So the shock was there as the old bitter truths of football resurfaced , on a suddenly autumnal afternoon, with all their raw imperatives. Every football man knows the way it goes - the more you win, the more you need to win and heaven help you, whoever you are, when you stop doing it.
Bill Shankly, the founder of Liverpool's dynasty, died of a broken heart. Jock Stein was offered a job in the Celtic pools office not so long after winning the European Cup. Don Revie put on a false beard as he hugged the shadows after tasting failure with England.
Now Ferguson, the man who so brilliantly developed United's status as the most charismatic sports franchise in the world, had the boos in his ears. Football, yet again, had turned a full, relentless circle.
No one in contemporary football has lived so long - Ferguson is in his 20th season at Old Trafford - with these realities more knowingly than the man who grew up in the heart of the Govan shipyards.
But it was not the scale of the protest against the only manager ever able to take hold of the dreams of Sir Matt Busby without being diminished that so invaded the senses as Blackburn Rovers, a team recently pilloried as the archetypal representatives of Doomsday football, won 2-1.
Yes, there were chants of "4-4-2", a rebuke to Ferguson's decision to persist with a 4-5-1 formation, and exclude Wayne Rooney, and then at the end the manager was accompanied by lower-to-middle range boos when he walked down the tunnel. No, it was not football's equivalent of the storming of the Bastille, but a stark possibility had been created: it might just have been the start of the end of something, the end of the astonishingly enduring aura imposed by the greatest manager of his age.
There seemed, however, to be one certainty among the growing doubts intensified by the news Chelsea had recovered from a one-goal deficit against Aston Villa and put another notch on their dismayingly profound control of the early going in the Premiership race, leading second-placed Charlton by six points and their principal rivals, United and Arsenal by, respectively, 10 and 11 points.
The extreme likelihood was that Ferguson, who at 63 has had so many opportunities to walk away from football with an unassailable reputation, would not waver at the first concrete signs of dwindling prestige among the people for whom he had occupied God-like status for so long. A turbulent, erratic, ferocious, angst-filled god, maybe, but a god none the less and one who would always find a way to win.
From Ferguson there was an admission of concern at Chelsea's progress, and regret that his team had missed so many chances against Blackburn, but, typically, no acknowledgement that the dogs of recrimination were now running and barking on the terraces of Old Trafford.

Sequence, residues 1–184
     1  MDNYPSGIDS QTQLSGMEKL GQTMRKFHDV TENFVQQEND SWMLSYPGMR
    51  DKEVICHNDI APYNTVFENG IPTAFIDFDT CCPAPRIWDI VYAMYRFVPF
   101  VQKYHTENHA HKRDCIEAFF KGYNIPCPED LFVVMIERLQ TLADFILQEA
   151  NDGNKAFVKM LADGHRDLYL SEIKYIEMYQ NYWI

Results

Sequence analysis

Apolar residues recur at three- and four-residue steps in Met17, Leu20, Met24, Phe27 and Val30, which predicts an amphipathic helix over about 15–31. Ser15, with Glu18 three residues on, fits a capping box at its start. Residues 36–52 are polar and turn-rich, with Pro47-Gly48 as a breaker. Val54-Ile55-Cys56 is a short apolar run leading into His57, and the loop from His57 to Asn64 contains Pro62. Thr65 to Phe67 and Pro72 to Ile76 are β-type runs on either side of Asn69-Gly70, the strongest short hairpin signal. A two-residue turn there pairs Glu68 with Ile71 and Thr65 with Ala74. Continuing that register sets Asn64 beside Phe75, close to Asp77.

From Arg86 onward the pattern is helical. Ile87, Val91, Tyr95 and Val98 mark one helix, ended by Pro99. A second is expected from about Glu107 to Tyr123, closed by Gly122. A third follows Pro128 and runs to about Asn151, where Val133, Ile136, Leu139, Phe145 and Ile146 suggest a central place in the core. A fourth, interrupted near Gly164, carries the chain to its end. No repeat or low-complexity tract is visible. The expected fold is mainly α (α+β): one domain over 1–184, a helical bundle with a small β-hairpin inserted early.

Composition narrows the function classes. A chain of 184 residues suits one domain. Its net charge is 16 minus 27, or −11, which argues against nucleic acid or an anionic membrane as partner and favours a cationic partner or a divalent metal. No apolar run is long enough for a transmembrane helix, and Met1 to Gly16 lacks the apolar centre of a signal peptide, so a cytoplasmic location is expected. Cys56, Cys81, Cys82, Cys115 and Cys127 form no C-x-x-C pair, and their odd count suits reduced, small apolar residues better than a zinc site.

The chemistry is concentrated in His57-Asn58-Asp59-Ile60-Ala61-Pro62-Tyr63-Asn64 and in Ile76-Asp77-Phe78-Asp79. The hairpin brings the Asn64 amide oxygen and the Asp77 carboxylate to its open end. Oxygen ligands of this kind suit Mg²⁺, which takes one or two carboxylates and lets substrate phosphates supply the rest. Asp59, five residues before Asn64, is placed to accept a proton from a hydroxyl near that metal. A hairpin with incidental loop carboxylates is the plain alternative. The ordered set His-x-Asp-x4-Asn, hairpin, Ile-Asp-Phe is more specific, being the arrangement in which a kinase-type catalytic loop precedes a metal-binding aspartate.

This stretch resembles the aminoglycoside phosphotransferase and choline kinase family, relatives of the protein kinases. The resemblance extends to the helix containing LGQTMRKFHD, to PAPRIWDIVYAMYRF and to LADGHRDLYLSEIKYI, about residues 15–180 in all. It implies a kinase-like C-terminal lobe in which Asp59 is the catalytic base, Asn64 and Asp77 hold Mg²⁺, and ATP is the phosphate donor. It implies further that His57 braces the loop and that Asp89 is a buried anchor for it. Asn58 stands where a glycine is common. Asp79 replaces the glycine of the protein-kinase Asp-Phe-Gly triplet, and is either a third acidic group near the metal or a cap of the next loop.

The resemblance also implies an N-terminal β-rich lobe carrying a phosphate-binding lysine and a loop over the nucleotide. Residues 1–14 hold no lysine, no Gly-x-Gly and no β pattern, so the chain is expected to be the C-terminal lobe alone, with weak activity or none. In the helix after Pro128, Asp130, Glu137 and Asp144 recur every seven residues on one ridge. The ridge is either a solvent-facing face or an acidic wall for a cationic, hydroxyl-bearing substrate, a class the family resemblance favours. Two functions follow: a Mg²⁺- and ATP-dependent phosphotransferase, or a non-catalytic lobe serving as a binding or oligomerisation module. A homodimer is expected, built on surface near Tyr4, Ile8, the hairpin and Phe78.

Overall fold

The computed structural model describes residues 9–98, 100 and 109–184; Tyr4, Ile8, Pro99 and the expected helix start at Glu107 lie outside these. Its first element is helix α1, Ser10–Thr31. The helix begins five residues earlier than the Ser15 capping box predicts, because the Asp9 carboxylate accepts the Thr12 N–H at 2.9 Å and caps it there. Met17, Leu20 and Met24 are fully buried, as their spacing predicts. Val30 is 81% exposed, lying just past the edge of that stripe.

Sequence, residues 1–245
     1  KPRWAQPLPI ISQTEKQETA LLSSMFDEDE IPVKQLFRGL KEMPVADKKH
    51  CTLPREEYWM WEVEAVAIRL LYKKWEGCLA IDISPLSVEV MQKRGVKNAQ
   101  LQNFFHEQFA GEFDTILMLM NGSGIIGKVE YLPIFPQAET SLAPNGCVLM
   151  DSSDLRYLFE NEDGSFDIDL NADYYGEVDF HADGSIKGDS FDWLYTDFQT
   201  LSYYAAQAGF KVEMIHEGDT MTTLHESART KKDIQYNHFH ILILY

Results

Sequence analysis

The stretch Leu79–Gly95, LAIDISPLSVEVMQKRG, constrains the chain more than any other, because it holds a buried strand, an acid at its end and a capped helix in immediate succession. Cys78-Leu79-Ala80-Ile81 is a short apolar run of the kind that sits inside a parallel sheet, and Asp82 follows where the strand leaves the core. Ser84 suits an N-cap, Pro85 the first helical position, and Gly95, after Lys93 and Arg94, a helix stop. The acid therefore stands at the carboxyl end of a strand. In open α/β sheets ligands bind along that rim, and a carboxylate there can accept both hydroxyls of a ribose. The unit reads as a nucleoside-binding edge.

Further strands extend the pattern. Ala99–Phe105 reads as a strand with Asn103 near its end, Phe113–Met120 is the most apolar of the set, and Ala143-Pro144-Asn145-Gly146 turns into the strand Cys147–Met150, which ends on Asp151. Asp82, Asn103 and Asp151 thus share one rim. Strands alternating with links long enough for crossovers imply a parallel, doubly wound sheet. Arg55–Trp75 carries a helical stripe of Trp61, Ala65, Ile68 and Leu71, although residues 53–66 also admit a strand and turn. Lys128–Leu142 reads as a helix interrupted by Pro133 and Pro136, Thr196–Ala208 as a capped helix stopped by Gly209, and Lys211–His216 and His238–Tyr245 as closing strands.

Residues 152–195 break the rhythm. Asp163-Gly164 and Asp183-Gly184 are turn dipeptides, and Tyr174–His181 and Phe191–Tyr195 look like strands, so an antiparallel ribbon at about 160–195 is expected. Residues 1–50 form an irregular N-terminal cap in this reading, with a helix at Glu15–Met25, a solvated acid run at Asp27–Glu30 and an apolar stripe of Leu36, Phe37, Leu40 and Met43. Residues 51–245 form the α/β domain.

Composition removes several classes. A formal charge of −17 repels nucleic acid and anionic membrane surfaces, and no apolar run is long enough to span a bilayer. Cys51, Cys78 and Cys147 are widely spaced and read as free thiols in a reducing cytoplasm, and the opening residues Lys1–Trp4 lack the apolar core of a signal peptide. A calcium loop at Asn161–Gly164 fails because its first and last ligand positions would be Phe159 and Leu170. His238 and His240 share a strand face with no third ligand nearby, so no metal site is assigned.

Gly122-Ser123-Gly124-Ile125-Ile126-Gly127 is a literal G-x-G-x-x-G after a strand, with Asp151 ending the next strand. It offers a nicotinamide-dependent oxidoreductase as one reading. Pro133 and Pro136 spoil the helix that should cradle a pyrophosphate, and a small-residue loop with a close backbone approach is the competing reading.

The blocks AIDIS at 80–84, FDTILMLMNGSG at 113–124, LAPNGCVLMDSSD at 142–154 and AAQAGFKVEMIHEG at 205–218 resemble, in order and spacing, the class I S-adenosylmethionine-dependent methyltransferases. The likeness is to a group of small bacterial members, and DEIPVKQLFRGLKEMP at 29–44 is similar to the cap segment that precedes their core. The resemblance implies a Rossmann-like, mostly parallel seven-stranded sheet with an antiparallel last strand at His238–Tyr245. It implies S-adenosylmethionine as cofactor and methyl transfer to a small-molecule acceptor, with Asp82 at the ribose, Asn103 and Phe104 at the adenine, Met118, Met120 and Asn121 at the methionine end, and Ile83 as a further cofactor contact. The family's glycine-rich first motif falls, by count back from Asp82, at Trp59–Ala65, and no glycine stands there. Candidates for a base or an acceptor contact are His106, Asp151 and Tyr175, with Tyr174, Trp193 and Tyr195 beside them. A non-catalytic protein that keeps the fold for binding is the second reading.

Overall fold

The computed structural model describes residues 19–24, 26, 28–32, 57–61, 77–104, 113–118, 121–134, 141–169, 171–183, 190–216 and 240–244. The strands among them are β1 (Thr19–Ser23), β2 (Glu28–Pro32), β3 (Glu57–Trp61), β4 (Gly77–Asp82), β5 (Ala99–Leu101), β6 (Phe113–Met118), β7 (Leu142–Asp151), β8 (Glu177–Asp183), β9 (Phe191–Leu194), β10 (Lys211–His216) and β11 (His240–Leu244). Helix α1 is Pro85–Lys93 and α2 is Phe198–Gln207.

Reaction to the boos was left to his conqueror, and former United hero, Mark Hughes, who said: "He will respond as he always does ... with more determination and more desire to get it right. It's not for me to comment on his decision to leave out Wayne Rooney. I don't comment on other managers' selections, least of all Sir Alex's because he knows a hell of a lot more than I do. But they are all quality players when you come up against any United side."
Ferguson explained that he left Rooney out because he was suspended from tomorrow's Champions' League game with Benfica, saying, "We would have preferred to play Wayne but you have to be fair to other members of the squad who have to replace him. That is the reason I left him out.
"We know exactly what the problem was. We had lots of chances and we didn't take them - we can have no complaints. It was a big disappointment but the biggest disappointment was our defending."
For Ferguson's admirers there is now a jumble of regret and a few lingering hopes. The major fear is that there may no longer be a relatively painless point of abdication from his magnificent reign at United, as there was in 1999 when he won the historic hat-trick of Champions' League, Premiership and FA Cup and finally stood beside his legendary predecessor Busby; in 2003, when he rallied his team from the dead to deny Arsenal the Premiership title, and this last summer when the takeover by the Glazer family promised days of turmoil and changing priorities.
But then Ferguson had already stepped back from the possibility of self-imposed exile. He had looked into the prospect of retirement from the adrenalin surges of football and decided he would be housing his deepest instincts, and satisfactions, in nothing so much as a void.
He had made his bed and if the clothes were a little rumpled on Saturday, if the sounds from the street were discordant, it was still true that the new week would bring United's classic opponents Benfica - and another chance to show that he had still had the heart, and the stamina, of a winner.
Beside the regrets of Ferguson's friends, there is the hope that he will rekindle some of his more naturally aggressive instincts about how to play the game. While it is true some decent marksmanship, ironically from such as Ruud van Nistelrooy and the beloved Paul Scholes, and defending somewhat closer to adequacy, would probably have delivered victory, and quietened the terraces, there is a growing belief that Ferguson's Portuguese assistant Carlos Queiroz has been too successful in his counselling of caution.
And the result? A United team that, while suffering from the loss of authority made inevitable by the ageing of Roy Keane, seems to have lost belief in its inalienable right to victory. That, beyond any tactical wisdom, has always been Sir Alex Ferguson's greatest gift to Manchester United. Maybe never before has it been so desperately needed, by his team - and, the sound of Old Trafford says - by himself.